Back at the skilled nursing facility, I meet and care for new seniors every time I’m there. Also, I learn a lot from them. For example, I learned what not to do: Don’t smoke. I’m currently caring for a 95-year-old female who smokes. Doctor says that the smoking was likely the cause of her oral cancer. She will unfortunately rely on a feeding tube for the rest of her life.
And, I’ve learned what to do: Take more risks and live in the moment. Seniors constantly state, “I should have,” “I could have,” and “I’ve always wanted to but…”. I just spoke with a 75 year old guy. He said, "I should have lost the weight and now it's too late". Due to his bad knee, he will struggle with limited mobility for the rest of his life.
I clearly remember the day when I met a certain 92-year-old woman who is a mother of three adult children. She really inspired me. Here’s why:
First of all, she is very proud of her girls. She had a picture of the three of them at her bedside table, and by golly, she had to share a little story about each one – how she named them, their ages, their occupations, and how she is patiently waiting for grandchildren.
Next to her girls’ picture was a picture of an older woman running a marathon. She was wearing typical running gear, and I could see gray hair sticking out of her baseball cap. I could also see that she was wearing the biggest smile from ear to ear.
I asked her, “Who is that lady?” She replied, “That was me. The last time I ran, I was 74 years old and it was 5 miles”.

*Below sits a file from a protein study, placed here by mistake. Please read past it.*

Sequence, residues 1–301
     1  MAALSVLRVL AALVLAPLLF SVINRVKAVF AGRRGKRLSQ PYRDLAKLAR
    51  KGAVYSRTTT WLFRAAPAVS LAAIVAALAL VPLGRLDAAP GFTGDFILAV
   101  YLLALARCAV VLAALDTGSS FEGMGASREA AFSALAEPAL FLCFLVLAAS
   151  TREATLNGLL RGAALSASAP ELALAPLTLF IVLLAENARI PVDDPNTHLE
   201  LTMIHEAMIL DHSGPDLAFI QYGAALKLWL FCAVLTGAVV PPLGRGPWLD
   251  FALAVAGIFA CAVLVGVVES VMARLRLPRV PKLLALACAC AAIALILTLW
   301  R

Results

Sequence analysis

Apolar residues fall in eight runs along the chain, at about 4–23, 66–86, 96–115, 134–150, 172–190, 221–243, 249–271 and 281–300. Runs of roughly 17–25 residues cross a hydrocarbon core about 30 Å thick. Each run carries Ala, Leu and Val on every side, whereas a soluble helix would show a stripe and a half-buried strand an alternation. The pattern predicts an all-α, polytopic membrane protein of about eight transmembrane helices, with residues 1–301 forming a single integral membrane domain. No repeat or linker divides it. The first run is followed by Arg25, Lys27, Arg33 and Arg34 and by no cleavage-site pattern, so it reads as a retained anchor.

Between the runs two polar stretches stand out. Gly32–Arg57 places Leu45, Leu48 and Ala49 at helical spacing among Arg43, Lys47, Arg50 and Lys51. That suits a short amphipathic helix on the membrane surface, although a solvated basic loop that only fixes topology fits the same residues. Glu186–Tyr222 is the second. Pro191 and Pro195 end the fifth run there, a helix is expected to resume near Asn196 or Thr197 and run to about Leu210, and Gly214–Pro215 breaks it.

She told me that one day she saw an advertisement on the side of the bus that said, “Run for Your Health”, so she did. She found the spark in her life and had been talking about it for the past 21 years.
Her treasures were right next to her, right on her bedside table … her family and the joy of running.
If you know what sparks your own aging parents, use it to remind them of their purpose and give them a reason to get up in the morning. If your parent happens to be in some type of long-term care facility, check to see what’s on their bedside table.
I think my parents would have a huge bedside table to hold pictures of the entire group of their five adult children and their extended families. Plus, there would have to be a Lazy Susan holding a variety of dim sum goodies. As soon as my parents meet you, they will first ask if you have eaten yet, then they will ask you how you are doing. Food is very important to my parents. Maybe that’s why I’m a dietitian.
There will be ups and downs as your parents transition. Just remember to rekindle the sparks in their life.
What helps your parents jump out of bed in the morning?
A Registered Dietitian and Senior Resource Diva, April Fan, RD, CD, Founder of SeniorResourceCentral.com, is on a mission to educate baffled adult children who are currently caring for their own children as well as their aging parents. Her goal is to help these juggling caregivers discover how to take the confusion out of this daunting role. Tap into April’s personal and clinical experiences, proven resources, handy tips and sane ideas at http://www.SeniorResourceCentral.com.